Photo shop<<<<<<<<Gimp.... Nothing to even discus here about that.
      well except your comment about the learning curve being steep is due to people being used to windows. That's funny, since all that does is substantiate that there is an issue with Gimp and possibly Linux as a whole.

      This part of your whole little rant was stupid.

      "Your whole post is a bunch of ill-conceived bitching about shit you don't even understand because you think Linux is icky and bad. You're not exactly "wrong" but you certainly aren't in a position to be authoritatively speaking about Linux since you obviously don't understand this stuff even a little."

      He and others say this stuff because they do understand Linux and it many, many drawbacks without the blind devotion some people have. You say he is just bitching because he doesn't understand and that he thinks Linux is icky and bad. Then say he isn't exactly wrong, but that he shouldn't talk about it because he doesnt know shit.

      Linux will NEVER be even close to a mainstream OS, ever, that's just fact. Get over it and don't jump down peoples throats anytime they say something negative about your precious OS.

  7. Andy
    April 10, 2016 at 7:14 am

    A lot depends on your hardware and what you are doing with the computer. I have one win 7 machine that has a pro sound card for recording that won't work on linux or windows 10. I have another for gaming in stereoscopic - which will only work in windows. I now have a laptop on linux mint which is way more stable than it would be on windows. My windows 10 machine locks up on a regular basis, spies on me, and you're never really sure what's getting installed in the background. If you think linux is unstable you haven't tried windows 10 and nvidia drivers....

  8. Jorg
    March 9, 2016 at 9:53 pm

    LOL, hilarious. I have been using Linux (and other Unices) for about 15 years now, and all the shortcomings you mention are generally fixable through educating oneself about the system and learning a bit of the underlying Unix philosophy and shell-scripting.

    For example, while GIMP may lack some of the more fancy Photoshop filters, I can write most of them in a variety of languages for myself, or find versions of such scripts on the interwebz.

    Musically, there is nothing as flashy and intuitive as many of the Mac/Windows programs, but there is a plethora of tools that will give you the desired result--again, the problem is that Linux in general is based on small utilities that do one thing and not on huge monolithic applications. By stringing a series of such utilities, you can do pretty much anything.

    Complaints about stability leave me flabbergasted, and of course, as a server, Linux is far better than the best Windows products (I work with both, and find Windows incredibly annoying, buggy and generally non-configurable in comparison).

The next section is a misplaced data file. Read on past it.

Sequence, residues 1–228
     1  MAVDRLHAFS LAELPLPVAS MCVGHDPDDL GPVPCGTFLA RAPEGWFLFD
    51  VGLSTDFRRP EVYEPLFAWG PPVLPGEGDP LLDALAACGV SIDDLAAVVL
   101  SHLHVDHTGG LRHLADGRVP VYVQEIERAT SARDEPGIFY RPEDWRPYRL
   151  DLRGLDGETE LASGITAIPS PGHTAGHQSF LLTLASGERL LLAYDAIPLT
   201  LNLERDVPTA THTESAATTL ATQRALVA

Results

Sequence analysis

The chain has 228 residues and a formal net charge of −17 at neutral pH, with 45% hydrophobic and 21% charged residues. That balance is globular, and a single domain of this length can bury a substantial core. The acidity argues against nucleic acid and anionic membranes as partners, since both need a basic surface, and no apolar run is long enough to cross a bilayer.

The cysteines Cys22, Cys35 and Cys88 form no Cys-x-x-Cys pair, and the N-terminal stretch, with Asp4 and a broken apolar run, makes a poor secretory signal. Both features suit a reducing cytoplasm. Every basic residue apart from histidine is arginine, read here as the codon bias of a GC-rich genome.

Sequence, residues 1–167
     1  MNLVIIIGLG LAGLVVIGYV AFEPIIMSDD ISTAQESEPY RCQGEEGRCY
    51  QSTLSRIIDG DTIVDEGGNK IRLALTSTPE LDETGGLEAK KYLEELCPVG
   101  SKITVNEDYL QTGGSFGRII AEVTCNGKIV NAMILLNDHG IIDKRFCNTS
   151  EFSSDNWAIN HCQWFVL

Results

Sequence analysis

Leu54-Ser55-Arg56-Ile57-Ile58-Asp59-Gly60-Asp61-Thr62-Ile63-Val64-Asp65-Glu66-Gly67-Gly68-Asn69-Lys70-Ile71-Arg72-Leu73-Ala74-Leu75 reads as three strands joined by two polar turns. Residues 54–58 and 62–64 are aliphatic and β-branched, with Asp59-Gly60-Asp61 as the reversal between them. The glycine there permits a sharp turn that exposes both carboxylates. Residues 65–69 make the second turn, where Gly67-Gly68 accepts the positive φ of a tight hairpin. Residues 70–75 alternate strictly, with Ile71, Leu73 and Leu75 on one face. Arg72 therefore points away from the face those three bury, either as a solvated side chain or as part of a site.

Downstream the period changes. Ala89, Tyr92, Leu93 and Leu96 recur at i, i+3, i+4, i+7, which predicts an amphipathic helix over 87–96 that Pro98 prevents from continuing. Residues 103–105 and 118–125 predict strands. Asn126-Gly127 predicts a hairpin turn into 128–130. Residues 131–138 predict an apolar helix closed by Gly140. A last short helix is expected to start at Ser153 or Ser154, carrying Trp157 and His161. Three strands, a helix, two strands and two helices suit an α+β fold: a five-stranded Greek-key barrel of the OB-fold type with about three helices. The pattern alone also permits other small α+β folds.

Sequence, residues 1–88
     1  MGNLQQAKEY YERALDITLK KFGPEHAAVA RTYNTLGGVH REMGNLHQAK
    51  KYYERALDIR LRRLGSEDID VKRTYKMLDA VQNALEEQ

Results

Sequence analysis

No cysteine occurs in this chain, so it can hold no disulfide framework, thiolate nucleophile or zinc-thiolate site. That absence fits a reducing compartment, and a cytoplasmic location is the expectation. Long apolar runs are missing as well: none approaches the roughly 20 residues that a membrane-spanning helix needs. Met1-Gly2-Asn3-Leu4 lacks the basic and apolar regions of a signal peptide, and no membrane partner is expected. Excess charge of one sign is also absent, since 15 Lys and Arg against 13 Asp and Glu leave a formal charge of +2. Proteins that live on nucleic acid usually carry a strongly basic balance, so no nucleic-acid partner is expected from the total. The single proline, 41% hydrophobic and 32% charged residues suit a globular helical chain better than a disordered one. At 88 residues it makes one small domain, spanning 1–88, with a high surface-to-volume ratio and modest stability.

And if you are doing actual basic science, Windows is left in the dust: many of the applications for, say, astronomy and astrophysics simply do not exist in the Microsoft world--and there is no way to run them, and compiling them from source is several thousand headaches. On the other hand, I can run plenty of Windows applications on Linux with Wine--and, according to benchmarks, many of them actually run FASTER on Linux than Windows.

    So I completely disagree, and have plenty of satisfied people in my wake whom I've set up with perfectly functioning SuSE/Mint laptops. :)

    • Crek
      March 20, 2016 at 2:04 am

      linux sucks

    • Mark
      March 24, 2016 at 9:42 pm

      "while GIMP may lack some of the more fancy Photoshop filters, I can write most of them in a variety of languages for myself" Are you insane? Do you really think that people want to start writing their own plugins before a piece of software becomes usable?

      • Nik
        April 3, 2016 at 5:32 pm

        @mark I was considering the same. While I do use Linux, it's mostly because I don't play games any longer and I need it for future network work, not because I find it superior to Windows in any way...

        Windows 7 is by far one of the best OS out there when it comes to versatility.

  9. Sam
    February 10, 2016 at 12:55 am

    I started out with Ubuntu Linux also, and immediately found it to be very sluggish and slow to respond, with an archaic, ill-designed user interface. Plus, it crashed my computer over and over, which should not have happened, because my laptop has plenty of computing power. When after a short and deeply disappointing experience, I gave up on Ubuntu and then installed Linux Mint, everything immediately worked perfectly, and has ever since. In fact, every time there's a new upgrade to the Mint OS, it just gets more and more stable and streamlined. I still use Linux Mint, but only on my desktop now, and on my primary laptop, I've have spent time with (in order of adoption) Antergos, Manjaro, Uberstudent, and now settling on Sabayon Linux, the most mature distribution I've yet encountered. Every one of these Linux distributions (with the exception of Ubuntu) has been a very good experience, and has added to my knowledge and ability to use Linux effectively. I still use Windows 10 on a separate laptop (as well as a small tablet), as I basically have to have it for software I'll be running as part of the CIS degree I'm pursuing. But though I use it every day, the Windows experience never comes close to Linux. To say the least, I'll be looking forward to my Linux courses.